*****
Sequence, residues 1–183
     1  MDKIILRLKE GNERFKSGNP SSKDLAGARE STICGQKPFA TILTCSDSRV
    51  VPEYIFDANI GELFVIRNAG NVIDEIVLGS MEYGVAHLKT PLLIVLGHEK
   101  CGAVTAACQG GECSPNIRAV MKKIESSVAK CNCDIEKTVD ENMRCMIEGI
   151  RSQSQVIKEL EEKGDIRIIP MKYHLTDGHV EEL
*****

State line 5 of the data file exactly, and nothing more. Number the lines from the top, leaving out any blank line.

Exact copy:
   151  RSQSQVIKEL EEKGDIRIIP MKYHLTDGHV EEL